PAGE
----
Another fundamental aspect is self-care, given that “often we are more committed to others and we ignore our own personal life. I think that this is one of my struggles…” It is very difficult as a woman to balance caring for others, self-care and working as a defender. Society also places significant pressure on women, which means that often women blame themselves for not having paid sufficient attention to their partner, children, etc., and this can weigh heavily on a woman defender. Olga says that this has also been somewhat difficult to manage throughout her life. Nevertheless, with time she has been able to develop self-reflection which enables her to live in a more balanced way, in spite of the difficulties, and to support other women who are currently going through this process, especially younger women.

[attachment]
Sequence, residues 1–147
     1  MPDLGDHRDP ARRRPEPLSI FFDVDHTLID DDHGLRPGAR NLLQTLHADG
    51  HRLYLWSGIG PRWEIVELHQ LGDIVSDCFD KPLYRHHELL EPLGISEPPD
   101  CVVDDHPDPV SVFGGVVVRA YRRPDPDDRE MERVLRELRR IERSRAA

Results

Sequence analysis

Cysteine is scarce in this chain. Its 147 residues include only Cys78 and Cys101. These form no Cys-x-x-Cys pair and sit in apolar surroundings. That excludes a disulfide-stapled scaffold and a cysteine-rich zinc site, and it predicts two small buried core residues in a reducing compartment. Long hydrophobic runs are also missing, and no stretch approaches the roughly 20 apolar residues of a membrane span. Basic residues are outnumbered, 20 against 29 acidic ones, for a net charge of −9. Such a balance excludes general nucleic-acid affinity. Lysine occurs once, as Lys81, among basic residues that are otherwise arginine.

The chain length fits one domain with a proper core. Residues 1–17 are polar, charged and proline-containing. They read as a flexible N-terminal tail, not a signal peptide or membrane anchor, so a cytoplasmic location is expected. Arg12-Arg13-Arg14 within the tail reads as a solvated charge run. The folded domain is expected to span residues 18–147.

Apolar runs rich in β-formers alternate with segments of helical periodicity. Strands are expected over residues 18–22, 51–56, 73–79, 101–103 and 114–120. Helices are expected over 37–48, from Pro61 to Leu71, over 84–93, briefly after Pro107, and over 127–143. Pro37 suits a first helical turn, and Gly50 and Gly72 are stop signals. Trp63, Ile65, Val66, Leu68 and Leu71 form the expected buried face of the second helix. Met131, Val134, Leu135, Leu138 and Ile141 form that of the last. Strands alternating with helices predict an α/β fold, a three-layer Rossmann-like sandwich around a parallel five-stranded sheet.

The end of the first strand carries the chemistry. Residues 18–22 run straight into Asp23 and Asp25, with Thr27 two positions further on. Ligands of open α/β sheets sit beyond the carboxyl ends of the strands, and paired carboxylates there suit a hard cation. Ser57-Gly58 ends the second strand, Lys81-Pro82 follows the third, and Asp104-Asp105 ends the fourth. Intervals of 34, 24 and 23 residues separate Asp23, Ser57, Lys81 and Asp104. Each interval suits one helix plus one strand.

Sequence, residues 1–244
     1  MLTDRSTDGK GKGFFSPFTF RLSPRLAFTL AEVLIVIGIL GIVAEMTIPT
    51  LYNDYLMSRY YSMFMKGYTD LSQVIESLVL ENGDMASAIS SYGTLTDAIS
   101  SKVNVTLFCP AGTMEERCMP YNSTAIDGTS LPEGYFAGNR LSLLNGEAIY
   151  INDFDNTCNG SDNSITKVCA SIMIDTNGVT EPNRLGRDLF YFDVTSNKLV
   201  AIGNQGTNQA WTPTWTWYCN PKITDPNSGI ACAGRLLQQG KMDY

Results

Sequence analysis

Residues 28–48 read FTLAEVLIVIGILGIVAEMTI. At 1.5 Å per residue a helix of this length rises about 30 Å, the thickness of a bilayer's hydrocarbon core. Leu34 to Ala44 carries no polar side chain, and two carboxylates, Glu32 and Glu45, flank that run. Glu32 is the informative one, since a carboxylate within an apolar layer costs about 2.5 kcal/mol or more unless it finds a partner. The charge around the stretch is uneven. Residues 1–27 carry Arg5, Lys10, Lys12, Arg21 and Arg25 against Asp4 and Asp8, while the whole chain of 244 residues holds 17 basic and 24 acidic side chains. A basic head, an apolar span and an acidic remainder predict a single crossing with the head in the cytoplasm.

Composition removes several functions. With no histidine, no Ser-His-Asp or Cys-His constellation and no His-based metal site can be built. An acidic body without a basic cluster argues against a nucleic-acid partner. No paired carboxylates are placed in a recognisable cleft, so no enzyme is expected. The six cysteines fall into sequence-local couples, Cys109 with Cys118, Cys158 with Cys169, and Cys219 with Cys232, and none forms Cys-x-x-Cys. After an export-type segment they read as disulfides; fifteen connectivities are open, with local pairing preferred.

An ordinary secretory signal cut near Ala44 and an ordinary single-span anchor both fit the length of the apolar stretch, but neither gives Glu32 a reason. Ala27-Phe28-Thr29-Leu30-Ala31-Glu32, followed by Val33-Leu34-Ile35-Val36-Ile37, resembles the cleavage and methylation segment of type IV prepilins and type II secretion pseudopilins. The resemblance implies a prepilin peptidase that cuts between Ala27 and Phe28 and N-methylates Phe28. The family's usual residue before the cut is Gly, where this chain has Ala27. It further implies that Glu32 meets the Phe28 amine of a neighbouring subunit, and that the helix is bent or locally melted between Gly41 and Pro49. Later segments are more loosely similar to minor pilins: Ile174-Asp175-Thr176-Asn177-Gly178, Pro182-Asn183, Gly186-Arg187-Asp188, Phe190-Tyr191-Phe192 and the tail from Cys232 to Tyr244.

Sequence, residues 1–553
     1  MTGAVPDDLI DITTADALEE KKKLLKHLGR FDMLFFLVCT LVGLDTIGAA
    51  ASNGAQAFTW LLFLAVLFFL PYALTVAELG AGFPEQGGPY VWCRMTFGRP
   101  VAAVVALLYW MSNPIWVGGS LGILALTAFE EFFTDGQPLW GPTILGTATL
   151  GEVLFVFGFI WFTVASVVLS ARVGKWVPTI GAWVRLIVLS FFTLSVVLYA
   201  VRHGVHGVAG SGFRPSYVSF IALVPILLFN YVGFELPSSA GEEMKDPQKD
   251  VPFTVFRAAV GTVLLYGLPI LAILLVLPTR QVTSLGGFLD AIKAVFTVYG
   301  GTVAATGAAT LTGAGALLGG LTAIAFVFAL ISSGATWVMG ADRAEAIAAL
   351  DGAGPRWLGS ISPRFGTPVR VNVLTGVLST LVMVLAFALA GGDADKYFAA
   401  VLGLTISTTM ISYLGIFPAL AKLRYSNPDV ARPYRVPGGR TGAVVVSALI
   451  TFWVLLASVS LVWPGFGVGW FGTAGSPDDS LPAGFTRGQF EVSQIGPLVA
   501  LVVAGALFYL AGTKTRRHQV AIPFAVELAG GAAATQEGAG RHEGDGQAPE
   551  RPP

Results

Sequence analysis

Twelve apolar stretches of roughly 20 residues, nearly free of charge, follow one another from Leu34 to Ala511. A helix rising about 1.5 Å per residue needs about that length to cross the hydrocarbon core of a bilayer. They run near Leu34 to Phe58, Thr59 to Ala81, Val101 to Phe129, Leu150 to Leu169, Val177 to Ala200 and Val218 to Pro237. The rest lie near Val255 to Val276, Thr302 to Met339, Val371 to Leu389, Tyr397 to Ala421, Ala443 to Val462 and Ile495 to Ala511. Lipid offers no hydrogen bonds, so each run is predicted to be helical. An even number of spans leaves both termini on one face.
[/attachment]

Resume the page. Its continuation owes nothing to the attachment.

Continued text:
Olga is currently in the middle of a speaking tour of Europe, raising awareness in a number of countries about the situation of defenders in the Valle del Cauca department, human rights violations and the processes accompanied by Nomadesc.
 El Espectador, Buenaventura: entre la violencia y el narcotráfico, 5 July 2019.
 El Espectador, Población indígena en Colombia creció casi 40% desde 2005, 16 September 2019.